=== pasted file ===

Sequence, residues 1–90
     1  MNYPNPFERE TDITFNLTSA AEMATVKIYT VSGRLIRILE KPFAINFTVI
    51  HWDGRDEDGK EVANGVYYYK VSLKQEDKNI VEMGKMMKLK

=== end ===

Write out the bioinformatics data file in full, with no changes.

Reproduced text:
Sequence, residues 1–90
     1  MNYPNPFERE TDITFNLTSA AEMATVKIYT VSGRLIRILE KPFAINFTVI
    51  HWDGRDEDGK EVANGVYYYK VSLKQEDKNI VEMGKMMKLK